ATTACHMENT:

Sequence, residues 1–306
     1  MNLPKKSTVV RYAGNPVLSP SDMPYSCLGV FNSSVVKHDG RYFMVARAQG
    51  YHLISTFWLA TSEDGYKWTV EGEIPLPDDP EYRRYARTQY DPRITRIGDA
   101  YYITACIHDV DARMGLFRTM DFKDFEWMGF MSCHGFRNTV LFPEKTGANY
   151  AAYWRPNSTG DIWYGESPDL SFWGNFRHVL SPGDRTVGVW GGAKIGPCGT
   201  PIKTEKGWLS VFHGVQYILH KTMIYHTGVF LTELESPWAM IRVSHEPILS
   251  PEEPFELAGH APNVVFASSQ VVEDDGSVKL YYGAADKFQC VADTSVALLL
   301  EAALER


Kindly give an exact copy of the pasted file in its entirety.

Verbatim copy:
Sequence, residues 1–306
     1  MNLPKKSTVV RYAGNPVLSP SDMPYSCLGV FNSSVVKHDG RYFMVARAQG
    51  YHLISTFWLA TSEDGYKWTV EGEIPLPDDP EYRRYARTQY DPRITRIGDA
   101  YYITACIHDV DARMGLFRTM DFKDFEWMGF MSCHGFRNTV LFPEKTGANY
   151  AAYWRPNSTG DIWYGESPDL SFWGNFRHVL SPGDRTVGVW GGAKIGPCGT
   201  PIKTEKGWLS VFHGVQYILH KTMIYHTGVF LTELESPWAM IRVSHEPILS
   251  PEEPFELAGH APNVVFASSQ VVEDDGSVKL YYGAADKFQC VADTSVALLL
   301  EAALER